Biden Is Teaching Democrats How to Talk to the Working Class Again | Opinion

Joe Biden wants to make America great again.

That was the takeaway from his speech before a joint session of Congress Wednesday night. Like a kindly grandfather, the President assured a fretful and frankly traumatized nation that everything will be okay, because he has a plan and a Werther's Original. That plan includes a $2 trillion investment in the nation's infrastructure over the next decade—creating millions of jobs in the process—and $1 trillion in America's families, including universal pre-k and making community colleges free.

As a leftist, the President's agenda is more than I could ever have hoped for. He is effectively ending 40 years of Reaganomics and neoliberal consensus. The government is not the problem, as Reagan once said, but it can be the solution. It is a bold and progressive list of policy priorities.

But as important as what Biden said is how he said it. Rather than talking down to the working class, he spoke in a language that they understand—the language of the flag, family, and freedom. And as importantly, he did not speak the language of wokeness.

A truth that many on the left fail to acknowledge is the working class is not "woke." This is a problem James Carville, the storied Democratic strategist who propelled Bill Clinton to victory in 1992, noted this week in an interview with Vox. Bemoaning what he called "faculty lounge" politics, Carville correctly pointed out that regular folks don't talk the same way much of the left does. "I don't know anyone who lives in a 'community of color,'" Carville said. "I know lots of white and Black and brown people and they all live in... neighborhoods."

Joe Biden addresses Congress
WASHINGTON, DC - APRIL 28: U.S. President Joe Biden addresses a joint session of Congress as Vice President Kamala Harris (L) and Speaker of the House U.S. Rep. Nancy Pelosi (D-CA) (R) look on in the House chamber of the U.S. Capitol April 28, 2021 in Washington, DC. Melina Mara-Pool/Getty Images

This does not mean, as Carville said, that we shouldn't talk about issues such as racism. We absolutely must. But it means having these conversations in ways that do not alienate half the country, in language that people understand.

Joe Biden understands this. The working class is more parochial and less cosmopolitan than your average Democrat. They are patriotic, proudly decorating their homes with barnstars and American flags. They are rooted to place, in many instances being able to trace their families back generations in the same town.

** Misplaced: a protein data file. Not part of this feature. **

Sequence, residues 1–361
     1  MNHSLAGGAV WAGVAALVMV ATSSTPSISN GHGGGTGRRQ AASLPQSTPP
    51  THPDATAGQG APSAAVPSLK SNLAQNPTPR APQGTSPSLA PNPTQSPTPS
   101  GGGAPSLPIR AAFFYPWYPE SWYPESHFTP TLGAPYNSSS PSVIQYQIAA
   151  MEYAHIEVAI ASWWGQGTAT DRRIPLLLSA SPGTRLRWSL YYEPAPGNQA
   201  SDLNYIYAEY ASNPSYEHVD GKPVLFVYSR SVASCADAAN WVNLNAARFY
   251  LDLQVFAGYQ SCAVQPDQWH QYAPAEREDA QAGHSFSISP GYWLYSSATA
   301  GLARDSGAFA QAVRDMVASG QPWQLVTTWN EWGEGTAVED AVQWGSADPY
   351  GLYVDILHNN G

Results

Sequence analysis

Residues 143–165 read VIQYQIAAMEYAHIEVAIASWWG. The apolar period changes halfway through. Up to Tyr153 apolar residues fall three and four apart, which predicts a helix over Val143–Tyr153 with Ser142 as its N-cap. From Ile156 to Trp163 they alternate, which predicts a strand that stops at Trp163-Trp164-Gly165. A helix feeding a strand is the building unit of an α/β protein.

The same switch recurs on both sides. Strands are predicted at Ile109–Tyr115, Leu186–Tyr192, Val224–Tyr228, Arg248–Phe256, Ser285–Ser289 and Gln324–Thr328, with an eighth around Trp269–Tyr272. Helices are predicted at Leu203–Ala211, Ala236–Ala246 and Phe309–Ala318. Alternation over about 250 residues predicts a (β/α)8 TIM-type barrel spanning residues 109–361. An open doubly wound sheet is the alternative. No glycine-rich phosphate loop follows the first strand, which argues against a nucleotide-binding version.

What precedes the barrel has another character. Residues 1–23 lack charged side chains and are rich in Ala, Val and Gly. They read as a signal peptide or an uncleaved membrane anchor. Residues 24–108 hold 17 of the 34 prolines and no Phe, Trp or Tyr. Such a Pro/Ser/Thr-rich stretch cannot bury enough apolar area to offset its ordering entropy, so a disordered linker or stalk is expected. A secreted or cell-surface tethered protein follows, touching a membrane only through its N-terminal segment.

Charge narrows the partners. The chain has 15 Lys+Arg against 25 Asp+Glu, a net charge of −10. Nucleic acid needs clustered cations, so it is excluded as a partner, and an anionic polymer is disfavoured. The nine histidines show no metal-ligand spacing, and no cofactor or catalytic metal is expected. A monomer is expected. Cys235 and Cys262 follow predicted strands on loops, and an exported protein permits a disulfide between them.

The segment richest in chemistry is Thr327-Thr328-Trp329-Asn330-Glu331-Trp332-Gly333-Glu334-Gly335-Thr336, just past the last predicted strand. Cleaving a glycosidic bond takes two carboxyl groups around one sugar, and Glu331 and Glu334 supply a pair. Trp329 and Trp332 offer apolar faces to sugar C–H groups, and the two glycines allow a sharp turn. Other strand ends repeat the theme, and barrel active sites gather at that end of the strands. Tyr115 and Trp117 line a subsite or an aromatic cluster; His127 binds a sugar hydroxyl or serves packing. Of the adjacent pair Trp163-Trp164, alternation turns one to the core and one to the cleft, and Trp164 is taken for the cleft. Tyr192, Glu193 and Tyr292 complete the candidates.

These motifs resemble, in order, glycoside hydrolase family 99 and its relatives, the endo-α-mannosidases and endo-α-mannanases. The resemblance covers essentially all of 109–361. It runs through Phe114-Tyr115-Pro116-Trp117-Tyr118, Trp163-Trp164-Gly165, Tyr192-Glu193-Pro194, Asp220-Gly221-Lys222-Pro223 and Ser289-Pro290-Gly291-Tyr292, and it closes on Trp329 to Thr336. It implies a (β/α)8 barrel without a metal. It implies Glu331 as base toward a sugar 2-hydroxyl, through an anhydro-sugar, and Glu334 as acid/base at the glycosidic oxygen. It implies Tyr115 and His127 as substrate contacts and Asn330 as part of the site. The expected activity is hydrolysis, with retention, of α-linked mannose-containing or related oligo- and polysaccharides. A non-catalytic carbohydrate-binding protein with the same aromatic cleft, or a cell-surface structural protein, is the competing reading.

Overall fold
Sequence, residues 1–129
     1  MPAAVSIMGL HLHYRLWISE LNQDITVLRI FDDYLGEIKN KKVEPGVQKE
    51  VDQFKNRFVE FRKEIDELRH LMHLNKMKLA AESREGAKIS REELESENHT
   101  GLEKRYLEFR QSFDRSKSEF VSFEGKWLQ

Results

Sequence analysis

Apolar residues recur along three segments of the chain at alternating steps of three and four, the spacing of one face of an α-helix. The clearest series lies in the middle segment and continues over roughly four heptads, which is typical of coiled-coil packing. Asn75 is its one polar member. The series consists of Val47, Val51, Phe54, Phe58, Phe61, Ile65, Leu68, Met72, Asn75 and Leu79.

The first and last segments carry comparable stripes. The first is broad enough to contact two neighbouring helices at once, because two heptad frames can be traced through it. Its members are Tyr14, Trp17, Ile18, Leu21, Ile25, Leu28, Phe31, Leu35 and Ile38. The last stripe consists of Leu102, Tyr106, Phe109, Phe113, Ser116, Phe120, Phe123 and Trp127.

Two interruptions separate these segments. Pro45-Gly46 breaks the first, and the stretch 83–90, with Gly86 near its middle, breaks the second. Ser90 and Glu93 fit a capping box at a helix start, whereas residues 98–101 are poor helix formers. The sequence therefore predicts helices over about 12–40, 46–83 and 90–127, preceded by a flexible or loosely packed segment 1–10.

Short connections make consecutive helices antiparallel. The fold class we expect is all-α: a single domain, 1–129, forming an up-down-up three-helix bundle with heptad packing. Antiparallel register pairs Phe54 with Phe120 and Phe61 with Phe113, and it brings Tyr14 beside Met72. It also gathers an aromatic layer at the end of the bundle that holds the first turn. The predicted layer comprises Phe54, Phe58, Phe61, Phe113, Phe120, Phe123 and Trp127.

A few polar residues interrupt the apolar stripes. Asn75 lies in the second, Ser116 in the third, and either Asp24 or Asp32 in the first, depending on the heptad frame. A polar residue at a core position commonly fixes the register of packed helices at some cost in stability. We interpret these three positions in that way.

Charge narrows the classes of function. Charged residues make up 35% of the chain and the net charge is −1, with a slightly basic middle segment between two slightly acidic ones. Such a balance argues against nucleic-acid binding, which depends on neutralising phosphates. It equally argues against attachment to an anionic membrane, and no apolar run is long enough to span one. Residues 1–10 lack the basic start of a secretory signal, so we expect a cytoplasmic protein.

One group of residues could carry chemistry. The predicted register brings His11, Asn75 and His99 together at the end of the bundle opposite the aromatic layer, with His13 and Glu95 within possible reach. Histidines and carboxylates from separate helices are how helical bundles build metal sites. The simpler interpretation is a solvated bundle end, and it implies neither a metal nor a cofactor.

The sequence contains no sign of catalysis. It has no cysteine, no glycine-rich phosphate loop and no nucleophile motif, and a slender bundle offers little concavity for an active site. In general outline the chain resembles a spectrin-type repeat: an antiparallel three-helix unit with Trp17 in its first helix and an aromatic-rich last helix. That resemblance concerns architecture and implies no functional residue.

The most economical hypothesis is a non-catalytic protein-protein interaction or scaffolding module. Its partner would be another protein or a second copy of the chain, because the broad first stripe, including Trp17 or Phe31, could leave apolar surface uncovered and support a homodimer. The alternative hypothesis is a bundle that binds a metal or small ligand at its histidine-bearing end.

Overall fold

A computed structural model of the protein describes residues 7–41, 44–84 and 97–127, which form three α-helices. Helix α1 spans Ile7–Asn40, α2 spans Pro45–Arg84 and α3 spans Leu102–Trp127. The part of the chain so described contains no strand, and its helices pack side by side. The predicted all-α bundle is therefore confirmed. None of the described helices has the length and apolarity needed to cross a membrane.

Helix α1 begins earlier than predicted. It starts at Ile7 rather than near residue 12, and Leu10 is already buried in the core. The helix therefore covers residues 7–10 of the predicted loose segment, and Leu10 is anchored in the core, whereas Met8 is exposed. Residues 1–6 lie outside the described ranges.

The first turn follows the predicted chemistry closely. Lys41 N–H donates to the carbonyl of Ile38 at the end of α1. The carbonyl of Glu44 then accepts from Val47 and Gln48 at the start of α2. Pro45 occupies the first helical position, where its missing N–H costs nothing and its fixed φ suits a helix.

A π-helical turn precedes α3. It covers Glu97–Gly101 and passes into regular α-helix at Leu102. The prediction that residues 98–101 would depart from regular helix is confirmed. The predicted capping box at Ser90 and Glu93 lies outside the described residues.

And while Democrats have been alienating voters like this for a generation, Trump tapped into their sense of pride in America, and their desire to see it flourish. It was this same patriotism that President Biden appealed to on Wednesday night.

"American tax dollars are going to be used to buy American products, made in America, to create American jobs," the President said last night.

A line like that seems like it might be lifted from a Donald Trump speech, except it lacks the underlying racism and xenophobia. That's because Joe Biden senses what Donald Trump sensed: the heartland is hurting. Unlike Trump, though, Biden knows that these Americans are not necessarily hateful. They are proud of their country, but not jingoistic or even nativist.

Members of the working class just want a decent job, and for someone to pay attention to their needs, too—something neither party has done since Ronald Reagan began the push towards outsourcing and globalization. They want to feel included in the fabric of America, not demonized and ostracized as hicks and hillbillies for failing to have read Karl Marx or Kimberlé Crenshaw. I'm a big fan of both, but their works should not be some sort of leftist litmus test to determine who is worthy of respect.

Again, Biden understands this. "So many of you, so many of the folks I grew up with, feel left behind, forgotten, in an economy that's so rapidly changing; it's frightening," Biden said Wednesday night, speaking to those who wonder whether his jobs plan includes them and, crucially, acknowledging their pain and fear. Because the changing economy is frightening, not least because no one knows what—if anything—will replace the jobs that are being lost, and no one has made a go at answering that question in 40 years.

That is, until now. Joe Biden made sure working class Americans understood that he includes them in his vision for this nation, promising that "these are good-paying jobs that can't be outsourced" and noting that 90 percent of the jobs created will not require a college degree: "The American Jobs Plan is a blue-collar blueprint to build America."

The President spoke directly to the working class. But he did so without abandoning the issues of police reform, ending violence against women, and the Equality Act—important planks of the progressive social justice platform that Democrats should not give up on. Crucially, Biden highlighted their importance in a way that did not alienate those who might oppose him, urging Congress to act without moralizing or insulting opponents of these bills.

In doing so, he gave a masterclass in how Democrats up and down the ballot and from sea to shining sea should talk to voters. The new census figures show political power is moving into the heartland—the South and the West—and that Democrats are going to need to increasingly tailor their message to voters in places where "faculty lounge politics" simply won't cut the mustard. We can win those voters, but only if we talk to them about the issues that matters to them and in language they understand.

Last night, Joe Biden showed us how it's done. Now it's time to get to work.

Skylar Baker-Jordan writes about the intersection of identity, politics, and public policy based in Tennessee.

The views in this article are the writer's own.